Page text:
Monthly Archives: September 2019

Experimental Portrait

Part of the digital painting that established the approach I took to painting the watercolour portrait.

While I don’t normally do portaits I found a photo that I thought might make an interesting painting. My first attempt was made digitally using Procreate to see if I could devise a way of producing an unusual style in watercolour. I was certainly happy with the rich warm colours in digital version in which I employed a variety of brushes but a limited colour palette. The result allowed me to think of ways in which I might achieve a similar effect on paper. The challenge presented in creating a real (versus digital) watercolour version is to avoid having a muddy product as a result of employing multiple layers while attempting to achieve a dark, moody piece.

Whenever I paint something and am asked, or decide, to paint a second version then that second version will be different in style or composition. I may like a subject but will try a different treatment if I think it is worth painting again. So the watercolour version of this portrait was intended to differ. The composition was the same but the point of first doing it digitally was in part to experiment with Procreate and in part to inspire the direction of the watercolour.

Contemplation – digital art, Procreate on iPad

I had downloaded a number of iPad art apps in the past: Bamboo Paper, Pen and Ink, Art Set, Brushes, Paper, and Watercolour but had not considered Procreate when it was released as I assumed it would only work on an iPad Pro. One of my daughters mentioned that a friend of hers was using Procreate so I decided to download it. I have not tried all of its features but I have established a basic process for using it. I don’t have the apple pen but I have used the app with both a Bamboo pen, which does not have the same capability as the Apple pen, and my finger. I find even using my finger to produce accurate lines. I love Procreate!

The watercolour version had taken a couple of weeks to complete, painting just a little each day as I has other projects to work on. Big caveat – this was experimental (and I learnt a lot from it).

Here it is.

Watercolour and gouache on Canson “Moulin du Roy” rough watercolour 100% cotton paper, 24cm x 32cm, 300 gm/m2

Feel free to comment!


Salt pond windmill

Old windmill on WWF nature reserve between Trapani and Salinagrande, Sicily

Watercolour and gouache on Daler-Rowney hot press celulose paper. 29.7cm x 21cm (A4).

There are plenty of old windmills on the salt ponds that lie between the towns of Trapani and Marsala on the western side on Sicily. While salt production remains important most of the windmills are no longer in working order but stand as a reminder of the history of the region. The windmills were used to pump water from the salt ponds but more modern methods are now used.

I love this part of Sicily and spend as much time as I can visiting the sites, partly to see these old relics but also to see the birdlife in the region. This includes flamingoes, ducks, herons and egrets, and a number of waders.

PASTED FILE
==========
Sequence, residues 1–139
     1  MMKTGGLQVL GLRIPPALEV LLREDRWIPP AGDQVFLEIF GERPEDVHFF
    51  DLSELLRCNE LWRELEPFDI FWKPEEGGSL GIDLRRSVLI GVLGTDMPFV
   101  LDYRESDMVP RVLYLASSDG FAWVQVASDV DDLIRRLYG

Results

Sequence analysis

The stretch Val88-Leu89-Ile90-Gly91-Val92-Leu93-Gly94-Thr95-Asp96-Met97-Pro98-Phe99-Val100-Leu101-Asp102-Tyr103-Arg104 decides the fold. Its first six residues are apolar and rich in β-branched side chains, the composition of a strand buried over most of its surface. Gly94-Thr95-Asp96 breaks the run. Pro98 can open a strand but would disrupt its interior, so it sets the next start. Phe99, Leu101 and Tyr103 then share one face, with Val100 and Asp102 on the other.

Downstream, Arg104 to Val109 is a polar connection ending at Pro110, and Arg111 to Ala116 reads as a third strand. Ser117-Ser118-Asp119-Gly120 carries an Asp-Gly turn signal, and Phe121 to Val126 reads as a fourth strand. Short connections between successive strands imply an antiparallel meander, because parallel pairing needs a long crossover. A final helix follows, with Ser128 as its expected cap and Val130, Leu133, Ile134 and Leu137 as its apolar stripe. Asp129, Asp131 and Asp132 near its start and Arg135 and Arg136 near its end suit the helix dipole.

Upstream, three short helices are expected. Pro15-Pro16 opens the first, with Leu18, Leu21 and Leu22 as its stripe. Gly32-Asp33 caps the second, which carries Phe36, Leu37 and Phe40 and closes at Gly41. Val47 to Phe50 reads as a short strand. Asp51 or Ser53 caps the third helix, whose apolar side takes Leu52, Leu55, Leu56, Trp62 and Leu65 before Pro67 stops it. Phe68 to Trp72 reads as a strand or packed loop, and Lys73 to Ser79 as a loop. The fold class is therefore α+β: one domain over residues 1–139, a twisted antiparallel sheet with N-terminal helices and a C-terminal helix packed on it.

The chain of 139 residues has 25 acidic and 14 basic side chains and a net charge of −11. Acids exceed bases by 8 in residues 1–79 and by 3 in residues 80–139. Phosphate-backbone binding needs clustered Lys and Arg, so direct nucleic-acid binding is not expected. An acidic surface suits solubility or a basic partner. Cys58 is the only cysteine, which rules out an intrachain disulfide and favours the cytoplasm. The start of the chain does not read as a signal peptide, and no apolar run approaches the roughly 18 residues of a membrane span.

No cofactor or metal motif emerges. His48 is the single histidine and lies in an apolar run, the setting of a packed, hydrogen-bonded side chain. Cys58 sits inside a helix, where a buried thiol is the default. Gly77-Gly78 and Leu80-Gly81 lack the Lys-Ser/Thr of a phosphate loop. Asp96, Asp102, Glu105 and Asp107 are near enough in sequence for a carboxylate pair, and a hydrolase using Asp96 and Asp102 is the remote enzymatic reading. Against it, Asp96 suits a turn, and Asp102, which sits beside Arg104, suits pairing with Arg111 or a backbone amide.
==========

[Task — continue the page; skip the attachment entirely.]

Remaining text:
The mill that I painted today is on a WWF nature reserve, the building used bu the WWF is the one next to the old mill.

Corstorphine Old Parish Church

Corstorphine Old Parish Church, watercolour, Canson Moulin du Roy rough 300 gm/m2 100% cotton rag paper 24cm x 32cm

I managed to paint a few bird pics this week, in gouache, which came out ok. But yesterday, having set out to visit a printer who I thought might be able to do some giclee prints for me, I passed through an area of Edinburgh called Corstorphine.

On the way back I stopped to look at the old church, grabbed a few reference pictures, and walked home.

The print shop didn’t do anything apart from standard photo printing so I was glad, with the church pictures, that the one hour each way walk was not in vain.

The 15th Century church sits at the heart of the village of Corstorphine with a grassy area on one side and a graveyard on the other.

So, this morning I decided to paint this scene. It is the sort of place, sunny and tranquil, that invites one to do a plein air painting. Something to put in my diary before winter sets in.

A heavy hand!

Macarons and raspberries. Conté á Paris pastels on Daler-Rowney 150gm pastel paper, 29.7cm x 21cm

Well, the first thing I discovered about using soft pastels is that I have a heavy hand. It reminds my of the time, a long time ago, when my driving instructor told me that I had a heavy right foot ie a tendency to accelerate too hard and drive too fast. Nothing changed over the years in respect of my driving style, but if I am to progress with soft pastels then I have to have a more delicate touch.

My first attempt at using soft pastels was so bad that I washed it away. I may be able to use the paper for another subject. So I decided to follow a tutorial by Kate Amedeo, a Turin-based artist, on You Tube. She used this photo as a reference …

to produce this drawing ….

In my defence I didn’t have anything like the range of colours that Kate used so I was obliged to substitute, for example, brown in place of purple and dark pink.

I think I may have been better off with a smoother paper too. Some artists use the reverse side of pastel paper so it won’t hurt to experiment.

Soft pastel is a messy medium, lots of “chalky” dust that needs to be blown away regularly, and frequent hand washing when all available fingers have been used for blending.

The other difficult thing to do is fine detail. It is not easy to see what you are doing or where exactly the pastel is being applied. I guess, like every aspect of art, that will come with practice.

Good fun though so I may do more.